Taking care of your minor child if parents are no more

February 2nd, 2024 Latest Blogs

Ramesh & Anita, in their 30’s was a happy couple. They had an 8 years old daughter, Tanya. One night, they were returning from a late dinner party when they had an accident and tragically both died. 

The question then arose who will look after their daughter? How will their funds be managed so that their daughter is well looked after? Ramesh had a term insurance which had a good cover. The nominee was his wife, who could have claimed the money. They had not made their will & had not planned on who will get custody of their child. Most of the elders do not prepare their will, then how can we expect youngsters do so? Earlier, we had joint families & in such a case there were family members who would take charge. Now a day’s people have no siblings who can take care of orphan child. Even if the siblings are there, they may or may not be able to do the needful. For example, they may be living abroad & this creates its own problems.

In case of a minor child there are 2 factors. Who gets custody of child & who gets the custody of estate to manage till the time the child attains “major” status?  Parents of the child should plan for such an eventuality during their lifetime. The person who has custody is called the guardian of the child, while the person who manages the child's assets is called the guardian of the estate. This task can be given to the same person or it can give to different persons to do so.

Appointing a legal guardian for the child

A legal guardian, or conservator, is an adult who has the legal authority to care of the child, should the parents die before the child reaches adulthood. Naming a legal guardian is probably one of the hardest decision’s parents must make, but it is an important one. Unless you nominate a legal guardian in your will, a third party with “legitimate interests" could step forward and petition the court for custody. The court will decide on who gets the custody based on its judgement. If the parents had left a will, court would have gone by their wish.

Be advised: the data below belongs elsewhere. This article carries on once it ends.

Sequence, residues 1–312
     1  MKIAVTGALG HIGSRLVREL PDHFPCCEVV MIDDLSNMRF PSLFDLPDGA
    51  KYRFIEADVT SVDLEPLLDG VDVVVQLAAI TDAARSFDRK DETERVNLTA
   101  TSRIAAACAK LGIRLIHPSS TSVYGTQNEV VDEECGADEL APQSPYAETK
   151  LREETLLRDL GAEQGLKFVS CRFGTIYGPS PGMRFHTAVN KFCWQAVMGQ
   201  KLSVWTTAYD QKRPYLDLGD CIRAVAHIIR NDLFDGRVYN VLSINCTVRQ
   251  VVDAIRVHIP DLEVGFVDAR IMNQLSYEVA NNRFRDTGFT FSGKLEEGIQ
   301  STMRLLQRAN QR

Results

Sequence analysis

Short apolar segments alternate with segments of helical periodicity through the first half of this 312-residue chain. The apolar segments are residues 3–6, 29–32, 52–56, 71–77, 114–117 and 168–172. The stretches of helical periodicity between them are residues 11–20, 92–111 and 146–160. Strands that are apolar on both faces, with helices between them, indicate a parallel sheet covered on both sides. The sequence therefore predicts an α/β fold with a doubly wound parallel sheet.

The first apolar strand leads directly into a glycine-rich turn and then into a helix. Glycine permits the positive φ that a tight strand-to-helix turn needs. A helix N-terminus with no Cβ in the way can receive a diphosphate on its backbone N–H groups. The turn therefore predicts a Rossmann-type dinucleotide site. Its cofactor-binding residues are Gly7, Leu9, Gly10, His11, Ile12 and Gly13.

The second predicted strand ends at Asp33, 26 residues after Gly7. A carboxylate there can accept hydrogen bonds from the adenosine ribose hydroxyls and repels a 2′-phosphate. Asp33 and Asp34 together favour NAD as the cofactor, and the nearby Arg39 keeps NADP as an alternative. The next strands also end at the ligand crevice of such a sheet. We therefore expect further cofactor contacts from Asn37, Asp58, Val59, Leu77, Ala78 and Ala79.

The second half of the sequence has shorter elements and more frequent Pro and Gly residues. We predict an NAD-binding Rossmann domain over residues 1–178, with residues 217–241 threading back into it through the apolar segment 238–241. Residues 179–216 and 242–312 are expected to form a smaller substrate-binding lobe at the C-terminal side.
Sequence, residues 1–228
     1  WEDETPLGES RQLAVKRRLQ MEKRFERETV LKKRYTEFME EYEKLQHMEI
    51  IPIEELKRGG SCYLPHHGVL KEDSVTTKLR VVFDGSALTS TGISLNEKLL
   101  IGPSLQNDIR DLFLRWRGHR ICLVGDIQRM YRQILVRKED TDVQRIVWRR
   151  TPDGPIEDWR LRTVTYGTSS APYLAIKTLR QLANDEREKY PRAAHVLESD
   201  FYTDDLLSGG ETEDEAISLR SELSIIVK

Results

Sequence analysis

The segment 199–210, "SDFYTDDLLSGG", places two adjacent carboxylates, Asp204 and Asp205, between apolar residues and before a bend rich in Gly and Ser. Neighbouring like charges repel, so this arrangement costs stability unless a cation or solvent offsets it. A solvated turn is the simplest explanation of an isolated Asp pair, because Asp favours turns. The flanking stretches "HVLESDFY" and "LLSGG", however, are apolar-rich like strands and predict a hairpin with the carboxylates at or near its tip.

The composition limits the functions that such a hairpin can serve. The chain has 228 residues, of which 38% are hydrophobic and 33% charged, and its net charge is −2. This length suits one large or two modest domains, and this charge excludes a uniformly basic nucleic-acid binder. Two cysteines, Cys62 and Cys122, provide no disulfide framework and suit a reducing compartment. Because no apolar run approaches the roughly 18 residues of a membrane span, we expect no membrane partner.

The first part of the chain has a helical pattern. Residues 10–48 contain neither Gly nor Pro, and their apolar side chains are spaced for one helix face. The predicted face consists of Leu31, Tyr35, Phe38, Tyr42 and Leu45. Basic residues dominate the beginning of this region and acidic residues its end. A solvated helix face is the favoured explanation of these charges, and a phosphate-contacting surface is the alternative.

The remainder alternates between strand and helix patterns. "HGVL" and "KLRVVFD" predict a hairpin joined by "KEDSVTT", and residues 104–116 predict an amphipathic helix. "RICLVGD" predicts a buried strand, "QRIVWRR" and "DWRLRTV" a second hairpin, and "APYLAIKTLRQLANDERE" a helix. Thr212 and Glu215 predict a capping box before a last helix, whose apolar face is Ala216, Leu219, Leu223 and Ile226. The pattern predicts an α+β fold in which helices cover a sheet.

The Importance of a Will

Parents need to have a will to ensure their child is cared for according to their wishes. While it's hard to imagine someone else raising your child, nominating a legal guardian not only gives you peace of mind knowing your child will be cared for, but lets you decide who that person will be, such as a family member or a close friend. It is better that the parents make a joint will naming a person as a guardian of the child in case they are not there.

Guardianship is an important responsibility. Ask yourself if the person you want to nominate is emotionally, financially, and physically able to care for your child. Select two or three potential candidates and arrange a meeting with them to discuss your decision and get their assent. It's wise to pick an alternate guardian just in case something should happen to your first choice. Review your decision every two to three years in case circumstances change.

Intestate Decisions

If the natural parents die intestate—without a will—the court appoints a guardian. As a rule, the court nominates a family member, such as a grandparent, even if this is someone you do not want to raise your child. Without knowing what your wishes are, the court acts in the best interests of the child. Alternatively, a third party, such as a family friend, can petition the court to be appointed guardian. If the child has no surviving family members, they could become a ward of the state and enter the foster care system

Managing Assets

If both parents die while the child is still a minor, they will want their assets to be used to care for their child. The parents can name a property guardian in their will to manage their assets on the child's behalf. This can be the same person that you nominate as guardian. The property guardian is appointed by the court and the court monitors their activities. Guardianship ends when the child attains 18 years of age.

If the parents don't have a will, the child automatically inherits his share of the parent's estate. The assets are then held in an estate in the minor's name and overseen by someone appointed by the court. Once the child turns 18, the assets go directly to him.

Alternatively, parents can set up a minor trust and appoint a trustee to manage it. The guardian of the estate then asks the trustee for funds from the estate to take care of the child. The trust doesn't automatically terminate when the child turns 18. Instead, the parents can determine when the child inherits the estate.

Estate planning is often the last thing on the mind of parents with young children. Accidents happen and anyone can die, leaving behind their minor child, so it's imperative to plan for the worst-case scenario.

 The parents need to prepare the will for child. We at can help you with the preparation of all the documents.  Please get in touch with us at 

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